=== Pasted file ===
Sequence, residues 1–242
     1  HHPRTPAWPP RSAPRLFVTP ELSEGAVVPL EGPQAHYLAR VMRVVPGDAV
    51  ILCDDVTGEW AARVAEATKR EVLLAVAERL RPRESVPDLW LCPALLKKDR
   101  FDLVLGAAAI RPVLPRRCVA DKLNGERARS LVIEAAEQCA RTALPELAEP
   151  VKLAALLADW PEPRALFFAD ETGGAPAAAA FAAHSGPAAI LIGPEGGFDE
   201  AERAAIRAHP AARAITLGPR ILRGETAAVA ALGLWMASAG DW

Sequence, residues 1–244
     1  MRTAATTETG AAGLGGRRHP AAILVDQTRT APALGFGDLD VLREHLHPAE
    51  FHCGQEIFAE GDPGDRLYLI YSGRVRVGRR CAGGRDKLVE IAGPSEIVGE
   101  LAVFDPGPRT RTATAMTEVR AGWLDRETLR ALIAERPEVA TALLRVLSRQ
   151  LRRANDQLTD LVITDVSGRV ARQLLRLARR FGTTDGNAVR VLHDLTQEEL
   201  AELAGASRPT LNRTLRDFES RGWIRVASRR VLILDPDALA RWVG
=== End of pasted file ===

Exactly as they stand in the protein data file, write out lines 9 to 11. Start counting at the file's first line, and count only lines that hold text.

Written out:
    51  FHCGQEIFAE GDPGDRLYLI YSGRVRVGRR CAGGRDKLVE IAGPSEIVGE
   101  LAVFDPGPRT RTATAMTEVR AGWLDRETLR ALIAERPEVA TALLRVLSRQ
   151  LRRANDQLTD LVITDVSGRV ARQLLRLARR FGTTDGNAVR VLHDLTQEEL